The Penny Post: 170 Years Young


By Erin Blasco, Public Programs Coordinator

The Postal Museum celebrated the 170th anniversary of the Penny Post with a lecture by Dr. Catherine Golden, author of Posting It: The Victorian Revolution in Letter Writing. The Penny Post, which made correspondence within the UK affordable and quick, had a profound effect on Victorian culture.

Dr. Catherine Golden speaking at a podium.
Dr. Catherine Golden

Video on YouTube

On January 10, 1840, those who previously hesitated to write and accept letters because of the expense found the means of communication within their reach. They wrote an extraordinary amount of letters, received numerous daily mail deliveries loaded with letters as well as spam, purchased beautiful writing desks (perfect for squirreling away secret letters), referred to correspondence etiquette guides, and crushed each other to get that last letter into the mail before post offices closed at 6 p.m. The Penny Post created a network that today’s internet users would probably find familiar.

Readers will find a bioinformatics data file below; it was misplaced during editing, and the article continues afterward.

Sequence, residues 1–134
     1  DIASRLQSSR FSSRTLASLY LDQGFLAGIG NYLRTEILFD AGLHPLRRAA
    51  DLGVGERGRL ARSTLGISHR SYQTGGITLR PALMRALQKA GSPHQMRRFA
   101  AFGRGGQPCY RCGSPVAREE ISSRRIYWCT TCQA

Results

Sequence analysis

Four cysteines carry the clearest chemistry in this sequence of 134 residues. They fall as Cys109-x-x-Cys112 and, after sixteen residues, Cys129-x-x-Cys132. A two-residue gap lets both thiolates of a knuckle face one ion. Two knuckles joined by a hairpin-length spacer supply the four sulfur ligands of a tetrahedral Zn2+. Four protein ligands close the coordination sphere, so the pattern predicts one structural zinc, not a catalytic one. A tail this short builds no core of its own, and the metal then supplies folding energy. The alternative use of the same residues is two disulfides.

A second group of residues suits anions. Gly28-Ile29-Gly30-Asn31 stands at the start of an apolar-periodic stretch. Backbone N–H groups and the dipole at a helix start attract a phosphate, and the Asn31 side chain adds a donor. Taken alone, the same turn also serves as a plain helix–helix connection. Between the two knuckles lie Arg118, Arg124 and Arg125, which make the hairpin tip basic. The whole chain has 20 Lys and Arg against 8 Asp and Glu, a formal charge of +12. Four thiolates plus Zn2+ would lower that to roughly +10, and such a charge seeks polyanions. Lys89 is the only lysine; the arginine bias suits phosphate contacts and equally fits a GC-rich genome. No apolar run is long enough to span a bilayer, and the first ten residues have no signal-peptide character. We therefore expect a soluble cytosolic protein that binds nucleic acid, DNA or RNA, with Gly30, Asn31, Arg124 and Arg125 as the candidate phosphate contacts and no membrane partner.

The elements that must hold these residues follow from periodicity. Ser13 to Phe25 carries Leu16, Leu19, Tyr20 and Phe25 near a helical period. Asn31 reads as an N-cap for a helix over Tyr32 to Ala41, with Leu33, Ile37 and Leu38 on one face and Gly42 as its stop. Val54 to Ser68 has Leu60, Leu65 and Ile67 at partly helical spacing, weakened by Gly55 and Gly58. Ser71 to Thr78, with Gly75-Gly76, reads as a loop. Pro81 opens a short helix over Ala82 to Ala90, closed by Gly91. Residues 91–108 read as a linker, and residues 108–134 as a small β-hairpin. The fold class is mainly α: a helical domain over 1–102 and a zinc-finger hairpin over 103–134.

Fittingly, Dr. Golden’s lecture was broadcast live online to viewers around the world. 4,356 viewers tuned in at different points throughout the talk, with many staying engaged from start to finish. Viewers submitted questions via Twitter and e-mail while others posted comments on the museum’s Facebook page. If you missed the talk, watch the YouTube video below.

Future museum programs will be broadcast live online, such as a lecture about the St. Lawrence Seaway commemorative stamps on February 6, 2010.